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Devolving power to cities

Dan Drillsma-Milgrom
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Last week this column was doubtful as to whether the government would make good on vague promises to devolve power to cities. Last Thursday’s announcement by Nick Clegg and Greg Clark has clearly taken things on a bit.

Last week this column was doubtful as to whether the government would make good on vague promises to devolve power to cities. Last Thursday’s announcement by Nick Clegg and Greg Clark has clearly taken things on a bit.

What is being proposed now is on an altogether bigger scale

The ‘city deals’ prospectus contains a clear list of some genuinely significant powers that may be on offer. It essentially looks as if the government is proposing to repeat the process of negotiations that took place at the end of the last administration to set up statutory city regions. But what is being proposed now is on an altogether bigger scale. Last time it was Greater Manchester and Leeds that the government chose to deal with, and only the former made any progress.

Now, the plan is to hold discussions with all eight regional cities. This is a huge task. It asks an incredible amount, both of the cities and the Whitehall departments coming to the table.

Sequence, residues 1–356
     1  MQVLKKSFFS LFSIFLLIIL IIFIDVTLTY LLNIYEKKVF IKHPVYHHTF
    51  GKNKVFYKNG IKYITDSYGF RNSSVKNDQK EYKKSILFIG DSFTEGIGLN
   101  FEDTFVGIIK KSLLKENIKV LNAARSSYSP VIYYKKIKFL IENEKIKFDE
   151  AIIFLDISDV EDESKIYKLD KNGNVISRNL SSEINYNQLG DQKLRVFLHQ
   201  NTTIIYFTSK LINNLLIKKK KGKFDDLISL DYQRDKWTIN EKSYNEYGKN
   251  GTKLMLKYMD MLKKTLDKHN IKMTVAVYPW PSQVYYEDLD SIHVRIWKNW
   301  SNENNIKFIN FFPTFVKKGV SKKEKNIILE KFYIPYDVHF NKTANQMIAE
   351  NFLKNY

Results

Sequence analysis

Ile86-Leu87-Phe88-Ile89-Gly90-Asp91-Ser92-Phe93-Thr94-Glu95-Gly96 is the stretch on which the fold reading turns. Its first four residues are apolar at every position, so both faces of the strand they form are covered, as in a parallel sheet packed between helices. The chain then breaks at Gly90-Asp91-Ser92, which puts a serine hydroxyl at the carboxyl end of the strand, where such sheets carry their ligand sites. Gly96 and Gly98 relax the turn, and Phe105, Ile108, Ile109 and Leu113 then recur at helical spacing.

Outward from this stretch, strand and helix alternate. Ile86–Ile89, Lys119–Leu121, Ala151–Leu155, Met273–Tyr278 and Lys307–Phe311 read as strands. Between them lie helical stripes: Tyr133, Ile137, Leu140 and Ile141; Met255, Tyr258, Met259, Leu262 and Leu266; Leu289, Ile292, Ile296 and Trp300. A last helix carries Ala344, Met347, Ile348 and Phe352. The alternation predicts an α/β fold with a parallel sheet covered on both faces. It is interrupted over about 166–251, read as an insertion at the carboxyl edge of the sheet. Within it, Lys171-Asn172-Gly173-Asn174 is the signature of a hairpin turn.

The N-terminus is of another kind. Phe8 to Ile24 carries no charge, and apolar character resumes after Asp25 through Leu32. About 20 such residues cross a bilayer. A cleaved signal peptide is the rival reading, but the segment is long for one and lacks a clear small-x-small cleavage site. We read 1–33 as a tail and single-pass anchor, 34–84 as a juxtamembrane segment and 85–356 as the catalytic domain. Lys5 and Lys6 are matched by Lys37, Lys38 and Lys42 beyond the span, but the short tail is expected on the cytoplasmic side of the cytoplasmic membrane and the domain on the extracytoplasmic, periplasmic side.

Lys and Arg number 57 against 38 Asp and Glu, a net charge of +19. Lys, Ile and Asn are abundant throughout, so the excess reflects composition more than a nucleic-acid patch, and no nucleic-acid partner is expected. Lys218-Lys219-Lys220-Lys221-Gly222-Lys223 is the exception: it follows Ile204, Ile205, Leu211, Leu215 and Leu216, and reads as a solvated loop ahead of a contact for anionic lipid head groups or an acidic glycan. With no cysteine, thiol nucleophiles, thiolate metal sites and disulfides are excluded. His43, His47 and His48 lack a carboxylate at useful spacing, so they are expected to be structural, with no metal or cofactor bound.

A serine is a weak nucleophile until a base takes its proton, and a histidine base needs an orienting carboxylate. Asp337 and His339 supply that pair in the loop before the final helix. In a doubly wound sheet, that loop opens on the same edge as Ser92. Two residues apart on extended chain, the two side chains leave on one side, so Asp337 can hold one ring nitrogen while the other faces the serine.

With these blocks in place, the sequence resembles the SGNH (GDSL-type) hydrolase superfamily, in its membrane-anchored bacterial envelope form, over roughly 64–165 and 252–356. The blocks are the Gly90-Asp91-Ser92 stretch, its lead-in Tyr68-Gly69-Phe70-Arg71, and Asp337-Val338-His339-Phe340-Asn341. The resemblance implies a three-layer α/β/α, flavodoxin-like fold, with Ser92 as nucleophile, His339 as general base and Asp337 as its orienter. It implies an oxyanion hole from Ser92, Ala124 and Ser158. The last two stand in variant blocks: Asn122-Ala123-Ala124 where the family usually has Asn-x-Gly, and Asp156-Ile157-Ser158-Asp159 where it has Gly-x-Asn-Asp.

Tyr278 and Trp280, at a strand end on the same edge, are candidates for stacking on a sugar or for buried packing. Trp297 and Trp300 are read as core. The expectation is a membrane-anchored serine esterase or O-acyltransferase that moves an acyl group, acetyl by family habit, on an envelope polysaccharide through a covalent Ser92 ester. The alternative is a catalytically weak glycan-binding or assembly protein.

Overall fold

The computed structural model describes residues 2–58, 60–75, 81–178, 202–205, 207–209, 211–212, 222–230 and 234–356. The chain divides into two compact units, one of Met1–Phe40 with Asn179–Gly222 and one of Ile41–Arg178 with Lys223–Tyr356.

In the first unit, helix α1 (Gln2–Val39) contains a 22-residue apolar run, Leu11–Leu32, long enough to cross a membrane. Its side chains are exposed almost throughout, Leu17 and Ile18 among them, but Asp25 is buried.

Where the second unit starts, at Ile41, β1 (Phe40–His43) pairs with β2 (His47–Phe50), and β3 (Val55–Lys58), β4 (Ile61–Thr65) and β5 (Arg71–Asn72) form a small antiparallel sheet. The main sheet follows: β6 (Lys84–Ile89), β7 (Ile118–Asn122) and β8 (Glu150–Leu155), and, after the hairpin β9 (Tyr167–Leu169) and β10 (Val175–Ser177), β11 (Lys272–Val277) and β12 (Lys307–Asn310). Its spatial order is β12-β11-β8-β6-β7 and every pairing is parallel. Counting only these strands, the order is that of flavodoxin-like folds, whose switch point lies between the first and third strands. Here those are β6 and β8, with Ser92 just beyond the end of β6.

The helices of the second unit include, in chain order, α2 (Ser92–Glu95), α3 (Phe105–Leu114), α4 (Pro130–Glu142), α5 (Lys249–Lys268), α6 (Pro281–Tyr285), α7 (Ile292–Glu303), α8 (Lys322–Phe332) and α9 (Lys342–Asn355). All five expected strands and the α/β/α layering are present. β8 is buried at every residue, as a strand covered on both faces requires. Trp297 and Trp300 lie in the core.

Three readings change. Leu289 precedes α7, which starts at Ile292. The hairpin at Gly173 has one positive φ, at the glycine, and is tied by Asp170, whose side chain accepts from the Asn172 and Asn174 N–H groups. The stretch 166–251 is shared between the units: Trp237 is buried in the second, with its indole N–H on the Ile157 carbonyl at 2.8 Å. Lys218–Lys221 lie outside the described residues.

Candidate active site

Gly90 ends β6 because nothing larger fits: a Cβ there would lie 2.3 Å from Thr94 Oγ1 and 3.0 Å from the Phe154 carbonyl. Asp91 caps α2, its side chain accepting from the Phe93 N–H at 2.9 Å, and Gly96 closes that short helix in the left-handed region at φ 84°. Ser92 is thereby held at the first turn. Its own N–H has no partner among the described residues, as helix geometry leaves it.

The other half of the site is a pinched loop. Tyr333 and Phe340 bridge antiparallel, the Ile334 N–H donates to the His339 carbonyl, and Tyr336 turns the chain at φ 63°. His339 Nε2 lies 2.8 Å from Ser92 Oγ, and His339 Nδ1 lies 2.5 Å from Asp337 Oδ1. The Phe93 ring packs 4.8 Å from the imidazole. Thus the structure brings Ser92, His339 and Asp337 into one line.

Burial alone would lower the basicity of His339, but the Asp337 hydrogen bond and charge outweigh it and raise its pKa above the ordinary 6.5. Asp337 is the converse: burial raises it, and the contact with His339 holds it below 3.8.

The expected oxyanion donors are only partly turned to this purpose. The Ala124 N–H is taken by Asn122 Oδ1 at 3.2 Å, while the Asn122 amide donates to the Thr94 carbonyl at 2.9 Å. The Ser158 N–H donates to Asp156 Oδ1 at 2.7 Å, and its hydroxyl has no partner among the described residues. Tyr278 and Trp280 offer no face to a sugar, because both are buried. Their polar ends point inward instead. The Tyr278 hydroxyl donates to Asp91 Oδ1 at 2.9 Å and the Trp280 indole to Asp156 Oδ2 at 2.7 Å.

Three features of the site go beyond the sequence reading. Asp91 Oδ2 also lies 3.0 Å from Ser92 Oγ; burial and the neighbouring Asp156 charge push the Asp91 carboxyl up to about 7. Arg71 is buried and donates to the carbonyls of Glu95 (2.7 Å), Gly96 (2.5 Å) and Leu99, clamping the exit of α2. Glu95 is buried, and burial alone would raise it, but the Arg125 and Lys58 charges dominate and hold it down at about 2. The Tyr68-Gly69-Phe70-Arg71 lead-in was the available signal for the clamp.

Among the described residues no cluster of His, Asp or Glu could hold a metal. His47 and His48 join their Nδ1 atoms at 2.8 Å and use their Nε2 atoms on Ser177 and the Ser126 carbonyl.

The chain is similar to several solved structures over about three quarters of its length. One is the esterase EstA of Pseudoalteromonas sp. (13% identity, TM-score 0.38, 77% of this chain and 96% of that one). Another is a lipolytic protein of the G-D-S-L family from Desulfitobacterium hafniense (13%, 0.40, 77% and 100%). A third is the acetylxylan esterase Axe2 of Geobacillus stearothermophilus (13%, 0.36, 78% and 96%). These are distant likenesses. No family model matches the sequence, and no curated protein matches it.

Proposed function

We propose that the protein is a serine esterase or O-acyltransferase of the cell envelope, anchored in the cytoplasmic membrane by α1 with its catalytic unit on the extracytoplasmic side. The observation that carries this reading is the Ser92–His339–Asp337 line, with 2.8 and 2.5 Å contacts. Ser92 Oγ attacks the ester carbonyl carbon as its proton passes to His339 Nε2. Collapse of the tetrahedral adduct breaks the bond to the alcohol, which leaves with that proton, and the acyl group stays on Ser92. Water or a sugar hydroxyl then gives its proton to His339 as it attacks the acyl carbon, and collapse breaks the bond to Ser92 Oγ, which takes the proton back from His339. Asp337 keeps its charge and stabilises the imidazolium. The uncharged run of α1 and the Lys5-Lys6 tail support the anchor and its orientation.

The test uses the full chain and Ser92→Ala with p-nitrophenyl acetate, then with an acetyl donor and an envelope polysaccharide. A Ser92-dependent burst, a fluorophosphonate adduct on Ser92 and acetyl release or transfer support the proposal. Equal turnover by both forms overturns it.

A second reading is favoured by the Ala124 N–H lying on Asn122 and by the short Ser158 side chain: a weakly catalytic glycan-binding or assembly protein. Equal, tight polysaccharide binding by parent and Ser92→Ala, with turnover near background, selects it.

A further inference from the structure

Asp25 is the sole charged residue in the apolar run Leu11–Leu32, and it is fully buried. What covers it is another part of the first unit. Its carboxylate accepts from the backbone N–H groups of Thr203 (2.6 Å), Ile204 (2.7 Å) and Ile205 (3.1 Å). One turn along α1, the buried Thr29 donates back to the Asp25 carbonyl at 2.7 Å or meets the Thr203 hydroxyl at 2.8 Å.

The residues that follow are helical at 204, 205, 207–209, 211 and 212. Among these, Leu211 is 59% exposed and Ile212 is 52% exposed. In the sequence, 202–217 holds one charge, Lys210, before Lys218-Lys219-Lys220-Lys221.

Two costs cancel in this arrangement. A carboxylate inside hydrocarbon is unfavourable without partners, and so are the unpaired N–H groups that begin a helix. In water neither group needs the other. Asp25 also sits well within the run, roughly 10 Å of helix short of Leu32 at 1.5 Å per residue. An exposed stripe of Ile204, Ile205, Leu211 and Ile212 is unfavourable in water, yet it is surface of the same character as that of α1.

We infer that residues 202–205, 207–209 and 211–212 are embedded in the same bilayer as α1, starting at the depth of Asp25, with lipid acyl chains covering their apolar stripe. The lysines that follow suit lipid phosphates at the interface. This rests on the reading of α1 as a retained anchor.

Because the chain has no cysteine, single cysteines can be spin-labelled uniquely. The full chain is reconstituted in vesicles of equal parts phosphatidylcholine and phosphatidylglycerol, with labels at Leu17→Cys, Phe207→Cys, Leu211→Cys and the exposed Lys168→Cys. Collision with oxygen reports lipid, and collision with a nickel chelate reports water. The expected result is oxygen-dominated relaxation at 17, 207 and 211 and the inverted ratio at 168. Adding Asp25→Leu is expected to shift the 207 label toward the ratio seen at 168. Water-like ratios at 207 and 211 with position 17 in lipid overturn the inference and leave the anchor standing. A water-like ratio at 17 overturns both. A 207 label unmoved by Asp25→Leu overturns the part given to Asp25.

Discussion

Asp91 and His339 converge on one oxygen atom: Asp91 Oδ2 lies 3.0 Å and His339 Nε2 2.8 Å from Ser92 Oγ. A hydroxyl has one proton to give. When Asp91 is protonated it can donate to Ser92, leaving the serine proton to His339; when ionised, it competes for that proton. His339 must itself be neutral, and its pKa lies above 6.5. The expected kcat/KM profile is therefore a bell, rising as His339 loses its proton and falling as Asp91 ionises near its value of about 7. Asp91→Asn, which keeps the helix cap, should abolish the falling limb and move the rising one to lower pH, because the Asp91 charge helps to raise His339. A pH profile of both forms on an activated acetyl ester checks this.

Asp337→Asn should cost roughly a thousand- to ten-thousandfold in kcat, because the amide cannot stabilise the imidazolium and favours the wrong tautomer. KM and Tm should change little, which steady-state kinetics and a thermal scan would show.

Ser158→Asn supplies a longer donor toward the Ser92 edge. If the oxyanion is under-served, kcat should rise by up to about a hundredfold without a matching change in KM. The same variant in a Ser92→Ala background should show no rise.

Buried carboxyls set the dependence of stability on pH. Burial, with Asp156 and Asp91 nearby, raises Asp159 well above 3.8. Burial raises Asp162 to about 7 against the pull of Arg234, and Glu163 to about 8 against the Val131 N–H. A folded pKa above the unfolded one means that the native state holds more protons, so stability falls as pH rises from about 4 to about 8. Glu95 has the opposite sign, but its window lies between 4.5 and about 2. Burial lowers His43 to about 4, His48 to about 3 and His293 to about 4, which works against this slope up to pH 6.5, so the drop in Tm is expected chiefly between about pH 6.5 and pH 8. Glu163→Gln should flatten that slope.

Last time, Greater Manchester made progress because it had its geography sorted and because it had conducted the Manchester Independent Economic Review. This substantial piece of research gave the city a clear agenda of what powers it wanted, what it would do with them, and what outcomes it expected to achieve. It is extremely unlikely that all the other cities have their ducks so well arranged.

From the other side, the negotiations required extremely skilful handling by Treasury officials, including a keen awareness of what departments’ ‘red lines’ were and how to keep them off the agenda.

The whole process was described to me by someone intimately involved as “a process of easing, of extruding, little bits of power out of Whitehall”. The eight regional cities should not assume that last week’s announcement means there is now some kind of pan-Whitehall consensus that cities should be made responsible for their economies.

The potentially crucial difference is that the statutory city region talks took place at the fag-end of a dying administration. This time, there is a clear run of three-and-a-half years until the next general election. The announcement has the backing of the deputy prime minister. He will be sorely tested.

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